(b) Section 33(l), proviso and section 34 of the Provincial Act.-On the other hand, under the Provincial Act, all debts incurred up to adjudication seem to be provable3, though the position is not quite certain4. Though the Provincial Act, section 34, is silent on this topic, yet, in the absence of a provision similar to the one contained in the Presidency Act, it is a plausible view to take that under that section all debts and liabilities contracted up to the date of the order of adjudication could be proved, and that those debts (i.e., even debts incurred after the petition) will also stand released by the order of discharge.
That would, appear to be the construction placed upon the section by the Bombay High Court in Jamshedji v. Pestonji, AIR 1932 Born 511. The contrary view, however, was taken by a Full Bench of the Lahore High Court in Kewal Kishan v. Special Official Receiver, ILR 1940 Lah 50: AIR 1939 Lah 384 (FB). There it was held, that the order of adjudication relates back, under section 28(7), Provincial Act, to the date of the presentation of the petition, and that on a correct reading of section 28(7), and section 34 it is only debts which are contracted before the date of the presentation of the petition that are provable under the Act. The principle behind this view is, that the insolvent is as from the date of petition "dead". A hardship arising on the Lahore view is, that there is no provision saving debts contracted bona fide by a person without knowledge of the presentation of the petition.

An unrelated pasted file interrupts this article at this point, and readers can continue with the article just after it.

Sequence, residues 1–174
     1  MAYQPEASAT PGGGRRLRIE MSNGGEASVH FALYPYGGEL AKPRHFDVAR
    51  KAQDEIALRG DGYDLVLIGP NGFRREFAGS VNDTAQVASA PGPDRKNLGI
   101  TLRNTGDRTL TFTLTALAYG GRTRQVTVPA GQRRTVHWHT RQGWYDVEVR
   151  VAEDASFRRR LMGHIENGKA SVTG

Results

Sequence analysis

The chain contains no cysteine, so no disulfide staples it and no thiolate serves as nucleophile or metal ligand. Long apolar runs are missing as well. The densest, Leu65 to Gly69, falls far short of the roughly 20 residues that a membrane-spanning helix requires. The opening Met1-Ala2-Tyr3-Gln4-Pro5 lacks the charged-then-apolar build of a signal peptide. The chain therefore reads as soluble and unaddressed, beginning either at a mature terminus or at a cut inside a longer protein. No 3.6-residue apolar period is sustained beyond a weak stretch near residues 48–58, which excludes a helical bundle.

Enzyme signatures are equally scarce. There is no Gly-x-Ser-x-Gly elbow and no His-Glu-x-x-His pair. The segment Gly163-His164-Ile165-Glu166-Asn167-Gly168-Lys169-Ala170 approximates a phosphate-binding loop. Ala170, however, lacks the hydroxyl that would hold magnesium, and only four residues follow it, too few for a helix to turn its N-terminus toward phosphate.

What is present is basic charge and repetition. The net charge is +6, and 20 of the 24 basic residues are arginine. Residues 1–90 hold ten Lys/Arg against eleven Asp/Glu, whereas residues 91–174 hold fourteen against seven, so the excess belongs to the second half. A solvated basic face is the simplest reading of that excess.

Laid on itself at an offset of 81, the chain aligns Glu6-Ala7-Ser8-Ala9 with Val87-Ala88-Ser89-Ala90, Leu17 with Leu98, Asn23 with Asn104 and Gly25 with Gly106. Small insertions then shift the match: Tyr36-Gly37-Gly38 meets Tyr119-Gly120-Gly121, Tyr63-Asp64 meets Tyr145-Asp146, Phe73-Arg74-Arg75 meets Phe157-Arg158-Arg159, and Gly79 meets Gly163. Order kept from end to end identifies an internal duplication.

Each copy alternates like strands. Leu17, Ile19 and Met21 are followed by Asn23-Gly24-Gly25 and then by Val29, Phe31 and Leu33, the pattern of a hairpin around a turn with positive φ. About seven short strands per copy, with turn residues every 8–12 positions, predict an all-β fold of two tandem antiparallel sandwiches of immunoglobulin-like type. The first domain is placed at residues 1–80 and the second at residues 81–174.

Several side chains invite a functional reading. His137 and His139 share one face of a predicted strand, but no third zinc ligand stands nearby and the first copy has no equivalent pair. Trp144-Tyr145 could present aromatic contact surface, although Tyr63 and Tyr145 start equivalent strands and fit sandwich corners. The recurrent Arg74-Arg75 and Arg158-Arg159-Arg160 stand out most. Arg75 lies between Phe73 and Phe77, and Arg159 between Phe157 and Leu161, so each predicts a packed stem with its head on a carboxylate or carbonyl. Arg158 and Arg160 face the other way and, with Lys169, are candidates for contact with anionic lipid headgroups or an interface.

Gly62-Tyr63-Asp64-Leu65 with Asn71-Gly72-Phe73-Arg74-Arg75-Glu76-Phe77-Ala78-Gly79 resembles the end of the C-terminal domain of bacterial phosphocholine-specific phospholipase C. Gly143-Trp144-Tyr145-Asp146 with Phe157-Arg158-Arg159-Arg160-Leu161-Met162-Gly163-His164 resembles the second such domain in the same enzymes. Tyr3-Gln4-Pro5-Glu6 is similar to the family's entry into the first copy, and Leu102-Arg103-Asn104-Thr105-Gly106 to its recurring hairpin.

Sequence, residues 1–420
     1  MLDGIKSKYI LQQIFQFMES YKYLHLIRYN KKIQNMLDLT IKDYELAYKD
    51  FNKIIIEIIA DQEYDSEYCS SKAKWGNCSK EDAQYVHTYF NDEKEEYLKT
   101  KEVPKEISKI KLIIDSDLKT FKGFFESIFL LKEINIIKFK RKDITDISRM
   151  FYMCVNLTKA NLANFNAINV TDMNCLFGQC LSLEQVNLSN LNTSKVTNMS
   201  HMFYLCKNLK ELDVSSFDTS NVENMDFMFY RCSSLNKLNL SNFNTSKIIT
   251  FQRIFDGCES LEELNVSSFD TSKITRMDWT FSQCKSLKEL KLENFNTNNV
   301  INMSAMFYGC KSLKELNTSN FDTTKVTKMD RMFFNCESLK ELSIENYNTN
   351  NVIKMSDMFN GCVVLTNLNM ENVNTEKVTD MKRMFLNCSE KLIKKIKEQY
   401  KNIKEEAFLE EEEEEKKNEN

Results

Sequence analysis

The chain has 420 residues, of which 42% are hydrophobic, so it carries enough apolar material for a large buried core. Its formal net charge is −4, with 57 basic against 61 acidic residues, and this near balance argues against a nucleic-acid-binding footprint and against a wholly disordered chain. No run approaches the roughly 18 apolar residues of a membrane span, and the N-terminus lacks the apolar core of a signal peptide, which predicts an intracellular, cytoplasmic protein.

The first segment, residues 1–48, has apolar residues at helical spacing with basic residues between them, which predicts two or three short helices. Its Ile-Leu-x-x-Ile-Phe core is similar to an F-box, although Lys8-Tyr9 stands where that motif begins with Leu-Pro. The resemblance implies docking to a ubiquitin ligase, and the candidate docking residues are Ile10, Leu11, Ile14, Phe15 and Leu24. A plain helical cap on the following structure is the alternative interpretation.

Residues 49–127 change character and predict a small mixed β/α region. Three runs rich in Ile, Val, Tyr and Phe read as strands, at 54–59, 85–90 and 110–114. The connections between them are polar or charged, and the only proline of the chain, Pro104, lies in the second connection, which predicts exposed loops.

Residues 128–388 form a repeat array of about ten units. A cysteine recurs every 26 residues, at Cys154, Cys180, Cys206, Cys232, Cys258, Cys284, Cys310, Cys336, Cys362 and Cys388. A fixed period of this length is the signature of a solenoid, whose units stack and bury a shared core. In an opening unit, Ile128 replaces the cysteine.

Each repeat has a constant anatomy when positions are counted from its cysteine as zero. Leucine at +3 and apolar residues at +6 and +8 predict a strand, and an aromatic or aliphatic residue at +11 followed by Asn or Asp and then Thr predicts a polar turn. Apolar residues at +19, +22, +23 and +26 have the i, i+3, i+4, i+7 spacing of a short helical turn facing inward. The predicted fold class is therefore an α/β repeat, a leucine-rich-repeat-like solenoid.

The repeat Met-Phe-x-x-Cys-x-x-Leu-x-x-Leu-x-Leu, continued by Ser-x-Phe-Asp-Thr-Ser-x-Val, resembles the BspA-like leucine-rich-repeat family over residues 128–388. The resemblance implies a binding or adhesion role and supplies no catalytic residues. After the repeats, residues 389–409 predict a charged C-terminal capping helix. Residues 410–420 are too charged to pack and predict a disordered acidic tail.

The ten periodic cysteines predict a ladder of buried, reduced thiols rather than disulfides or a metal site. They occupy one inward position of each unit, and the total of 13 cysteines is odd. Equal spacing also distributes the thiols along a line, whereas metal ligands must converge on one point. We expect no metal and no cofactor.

3. The question is which of these rival provisions should be adopted. There are certain other possible alternatives also.
4. Following possible courses can be considered:-